Print out this free poker hand rankings chart – and always know the best winning poker hands. Prints out on one page, or download as PDF. Dein Guide zu Hand Rankings beim Pokern. Poker Hand Rankings Wenn du dir am Pokertisch spannende Duelle lieferst und dein Spiel erfolgreich meistern willst. Poker hand rankings guide: master the order of winning poker hands with Texas Hold'em strategy charts, hi-lo hand rankings and poker hand probabilities. <
Pokerhände-Ranking & Chart: Pokerkarten bewertenHere is a list of the Texas Hold'em Poker Hand rankings for you to see which are the best hands in order. Print out this free poker hand rankings chart – and always know the best winning poker hands. Prints out on one page, or download as PDF. Official Poker Hand Rankings · Royal flush: A straight from a ten to an ace with all five cards in the same suit. · Straight Flush: Any straight with all.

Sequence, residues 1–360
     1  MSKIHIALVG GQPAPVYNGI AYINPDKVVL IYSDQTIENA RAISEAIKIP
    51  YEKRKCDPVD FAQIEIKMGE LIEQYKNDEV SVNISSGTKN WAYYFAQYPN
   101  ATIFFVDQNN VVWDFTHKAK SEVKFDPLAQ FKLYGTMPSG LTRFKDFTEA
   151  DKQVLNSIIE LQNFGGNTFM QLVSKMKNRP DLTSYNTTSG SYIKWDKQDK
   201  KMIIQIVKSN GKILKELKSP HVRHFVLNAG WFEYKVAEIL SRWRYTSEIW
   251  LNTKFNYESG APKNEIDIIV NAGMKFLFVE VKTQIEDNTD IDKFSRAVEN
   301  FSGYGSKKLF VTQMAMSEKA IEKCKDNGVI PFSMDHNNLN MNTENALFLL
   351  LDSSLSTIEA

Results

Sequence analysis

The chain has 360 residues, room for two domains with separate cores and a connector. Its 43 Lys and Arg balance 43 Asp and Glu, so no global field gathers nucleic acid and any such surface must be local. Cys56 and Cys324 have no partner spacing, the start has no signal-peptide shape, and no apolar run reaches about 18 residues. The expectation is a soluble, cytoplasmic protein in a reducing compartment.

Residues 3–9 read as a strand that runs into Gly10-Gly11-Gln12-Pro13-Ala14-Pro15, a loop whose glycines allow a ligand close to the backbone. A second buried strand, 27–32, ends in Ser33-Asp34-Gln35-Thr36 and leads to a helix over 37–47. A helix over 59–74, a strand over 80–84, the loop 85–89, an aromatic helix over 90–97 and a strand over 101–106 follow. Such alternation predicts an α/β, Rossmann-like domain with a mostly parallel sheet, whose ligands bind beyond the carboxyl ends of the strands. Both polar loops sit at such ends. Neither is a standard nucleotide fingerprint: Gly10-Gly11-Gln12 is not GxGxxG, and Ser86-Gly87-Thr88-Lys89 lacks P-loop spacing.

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One of the more overplayed hands in holdem, the King Jack off suit happens to be a sight for sore eyes with two face cards after long runs of fruitless starting hands.
But all things considered, the hand really looks much better than it really is. K J off suit plays much better as a cheap hand in multiway pots, perhaps limping in late after a few limps, calling out of the blinds, or checking your option.
On the flop, the objective is to find a face card or two, while Q 10 X offers the classic open ended straight draw in which an ace or a nine gives you the nuts.
The big problem with this hand, however, occurs when you hit one pair, because both you jacks and kings will suffer from kicker trouble against solid players who have called or raised pre flop.
These low suited aces are essentially the same hand, offering nut flush possibilities supplemented by a single wheel straight board for each.